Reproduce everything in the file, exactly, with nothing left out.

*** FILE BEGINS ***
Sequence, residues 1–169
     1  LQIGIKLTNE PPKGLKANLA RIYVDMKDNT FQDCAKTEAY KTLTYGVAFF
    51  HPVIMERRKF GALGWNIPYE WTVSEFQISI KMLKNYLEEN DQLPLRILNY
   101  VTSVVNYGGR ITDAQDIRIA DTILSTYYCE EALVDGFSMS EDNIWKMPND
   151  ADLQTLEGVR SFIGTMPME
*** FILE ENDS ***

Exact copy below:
Sequence, residues 1–169
     1  LQIGIKLTNE PPKGLKANLA RIYVDMKDNT FQDCAKTEAY KTLTYGVAFF
    51  HPVIMERRKF GALGWNIPYE WTVSEFQISI KMLKNYLEEN DQLPLRILNY
   101  VTSVVNYGGR ITDAQDIRIA DTILSTYYCE EALVDGFSMS EDNIWKMPND
   151  ADLQTLEGVR SFIGTMPME